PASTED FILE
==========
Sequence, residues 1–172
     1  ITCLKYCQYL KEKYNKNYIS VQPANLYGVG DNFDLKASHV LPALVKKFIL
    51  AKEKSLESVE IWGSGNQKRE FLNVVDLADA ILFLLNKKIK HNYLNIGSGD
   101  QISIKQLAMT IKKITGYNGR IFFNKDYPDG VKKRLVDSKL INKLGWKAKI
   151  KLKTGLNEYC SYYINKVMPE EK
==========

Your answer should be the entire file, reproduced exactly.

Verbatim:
Sequence, residues 1–172
     1  ITCLKYCQYL KEKYNKNYIS VQPANLYGVG DNFDLKASHV LPALVKKFIL
    51  AKEKSLESVE IWGSGNQKRE FLNVVDLADA ILFLLNKKIK HNYLNIGSGD
   101  QISIKQLAMT IKKITGYNGR IFFNKDYPDG VKKRLVDSKL INKLGWKAKI
   151  KLKTGLNEYC SYYINKVMPE EK